Gitxsan and settlers together The fights to protect the Skeena River watershed

In an area as big as Switzerland with 60.000 inhabitants, to have a pristine nature is fundamental for the habitat of salmons, trouts, eagles, bears, moose and caribou. It's something to protect because it creates hundreds of jobs and gives the economy millions of dollars every year. "Protecting the environment is not simply leaving nature untouched - explains Shannon McPhail of theĀ Skeena Watershed Conservation Coalition - protecting the environment means to use renewable resources, promote a local economy, revive culture and traditions. And these things, it's obvious, are incompatible with a devastation of the land through pipelines and mines".

North of Hazelton, the Gitxsan Territory includes the Kispiox Valley and the Skeena Valley for hundreds of kilometers without roads nor human presence. Some years back, the alliance between natives and settlers defeated Shell's mining project.

The Skeena watershed is crossed by several gas pipelines that would carry fracked gas to the refrigeration plants planned on the coast. According to the Gitxsan and the residents of the watershed, to block the pipelines means to prevent the disaster to the salmons, endangered by the industrialization of the coast.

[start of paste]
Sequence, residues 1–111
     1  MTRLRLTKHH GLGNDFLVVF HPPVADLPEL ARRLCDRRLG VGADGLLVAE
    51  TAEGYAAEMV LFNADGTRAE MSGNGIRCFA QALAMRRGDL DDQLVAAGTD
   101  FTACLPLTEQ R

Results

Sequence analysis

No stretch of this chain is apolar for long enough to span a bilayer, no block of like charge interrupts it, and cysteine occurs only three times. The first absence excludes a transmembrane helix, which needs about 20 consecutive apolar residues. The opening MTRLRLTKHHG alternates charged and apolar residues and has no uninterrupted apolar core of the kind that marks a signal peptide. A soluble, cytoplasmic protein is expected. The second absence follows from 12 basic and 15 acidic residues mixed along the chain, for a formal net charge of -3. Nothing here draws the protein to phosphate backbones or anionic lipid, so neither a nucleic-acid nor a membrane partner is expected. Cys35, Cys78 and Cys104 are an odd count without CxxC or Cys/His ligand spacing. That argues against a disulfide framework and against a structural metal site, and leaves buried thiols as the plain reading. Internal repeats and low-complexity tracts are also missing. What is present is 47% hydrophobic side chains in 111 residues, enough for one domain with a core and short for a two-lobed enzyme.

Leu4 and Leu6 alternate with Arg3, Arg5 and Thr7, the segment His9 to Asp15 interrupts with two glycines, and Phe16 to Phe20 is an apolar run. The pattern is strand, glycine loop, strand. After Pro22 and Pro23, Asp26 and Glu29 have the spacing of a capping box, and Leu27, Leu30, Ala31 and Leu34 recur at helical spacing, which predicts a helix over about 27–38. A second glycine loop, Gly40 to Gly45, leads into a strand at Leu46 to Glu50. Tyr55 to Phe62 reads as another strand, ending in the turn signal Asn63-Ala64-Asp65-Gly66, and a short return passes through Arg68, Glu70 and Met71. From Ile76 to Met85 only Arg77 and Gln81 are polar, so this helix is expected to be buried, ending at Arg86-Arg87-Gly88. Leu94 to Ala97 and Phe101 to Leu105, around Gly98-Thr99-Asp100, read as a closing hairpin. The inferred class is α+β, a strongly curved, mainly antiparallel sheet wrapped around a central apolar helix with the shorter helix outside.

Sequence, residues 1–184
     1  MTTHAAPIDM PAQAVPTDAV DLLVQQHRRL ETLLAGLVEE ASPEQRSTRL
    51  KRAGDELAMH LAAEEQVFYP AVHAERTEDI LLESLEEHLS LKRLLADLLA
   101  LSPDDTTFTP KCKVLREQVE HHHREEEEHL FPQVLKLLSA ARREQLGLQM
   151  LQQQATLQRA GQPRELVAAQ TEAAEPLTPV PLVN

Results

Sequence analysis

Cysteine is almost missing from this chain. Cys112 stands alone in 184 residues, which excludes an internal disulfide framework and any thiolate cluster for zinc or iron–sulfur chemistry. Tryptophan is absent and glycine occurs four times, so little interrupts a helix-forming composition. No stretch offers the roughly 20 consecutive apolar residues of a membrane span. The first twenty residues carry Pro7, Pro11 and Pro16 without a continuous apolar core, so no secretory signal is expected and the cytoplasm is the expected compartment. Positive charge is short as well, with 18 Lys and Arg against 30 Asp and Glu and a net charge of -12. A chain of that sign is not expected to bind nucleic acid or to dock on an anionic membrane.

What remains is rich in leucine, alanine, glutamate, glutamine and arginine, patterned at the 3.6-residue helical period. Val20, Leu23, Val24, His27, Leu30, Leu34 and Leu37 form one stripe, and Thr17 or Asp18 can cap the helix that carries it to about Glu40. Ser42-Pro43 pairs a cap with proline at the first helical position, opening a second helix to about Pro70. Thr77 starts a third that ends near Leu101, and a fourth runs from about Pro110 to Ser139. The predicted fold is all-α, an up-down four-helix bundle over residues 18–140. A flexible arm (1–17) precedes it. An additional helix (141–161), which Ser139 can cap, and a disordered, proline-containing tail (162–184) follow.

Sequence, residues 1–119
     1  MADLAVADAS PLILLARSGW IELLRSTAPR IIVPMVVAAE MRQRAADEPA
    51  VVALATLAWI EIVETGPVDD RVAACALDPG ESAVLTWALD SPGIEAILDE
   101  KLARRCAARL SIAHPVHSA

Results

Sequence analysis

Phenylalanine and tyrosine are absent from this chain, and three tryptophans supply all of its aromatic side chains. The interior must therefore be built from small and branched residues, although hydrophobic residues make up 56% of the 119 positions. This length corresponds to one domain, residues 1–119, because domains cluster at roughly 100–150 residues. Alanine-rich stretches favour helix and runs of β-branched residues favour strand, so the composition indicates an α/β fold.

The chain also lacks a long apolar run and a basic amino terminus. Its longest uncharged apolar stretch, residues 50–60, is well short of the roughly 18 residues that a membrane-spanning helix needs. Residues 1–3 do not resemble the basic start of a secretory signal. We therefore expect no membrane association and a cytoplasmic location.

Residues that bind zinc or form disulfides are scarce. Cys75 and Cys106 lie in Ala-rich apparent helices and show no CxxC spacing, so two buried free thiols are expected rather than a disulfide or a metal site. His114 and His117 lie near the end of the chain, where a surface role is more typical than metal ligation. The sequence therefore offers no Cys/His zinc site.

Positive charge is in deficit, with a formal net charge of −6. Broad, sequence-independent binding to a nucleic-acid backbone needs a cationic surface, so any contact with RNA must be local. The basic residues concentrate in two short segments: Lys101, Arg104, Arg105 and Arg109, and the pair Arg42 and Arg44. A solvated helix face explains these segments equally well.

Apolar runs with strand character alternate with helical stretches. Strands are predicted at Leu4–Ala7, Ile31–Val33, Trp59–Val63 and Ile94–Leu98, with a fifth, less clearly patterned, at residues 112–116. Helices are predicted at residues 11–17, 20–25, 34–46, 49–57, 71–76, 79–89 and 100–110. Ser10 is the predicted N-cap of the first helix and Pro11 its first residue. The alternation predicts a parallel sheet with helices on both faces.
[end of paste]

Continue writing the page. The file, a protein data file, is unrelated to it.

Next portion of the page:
Fragmented landscape in North East BC

Shannon McPhail doesn't like to be called "environmentalist". "Here at stake there is the survival of everybody, non only of trees and animals". She was a welder and a cook, and now works at the Skeena Watershed Conservation Coalition.

A close friend of Shannon, Chief Gwininitxw of the Gitxsan First Nation has been fighting for decades against the unsustainable development of corporations and of the governments of Victoria and Ottawa. "Our people have to go back to our ancient culture that has been taken from us in the residential schools. Only through culture we can heal ourselves, we can save us and save the resources of our land".

The cabin on Makhla Didaat Lake was built with the support of environmental groups and with the help of some friends who sustain this occupation in the heart of Gitxsan Territory. Corporations have no access to the land.

South of Hazelton, less than 20 km of logging road from Highway 16, Madii Lii camp is another obstacle to the big corporations that are greedy to lay another pipeline. But here there are other activities going on: berry picking, canning salmon for the winter, smoking fish, going back to the land.

Madii Lii camp is the result of the collaboration between some Gitxsan First Nation and some Hazelton residents.

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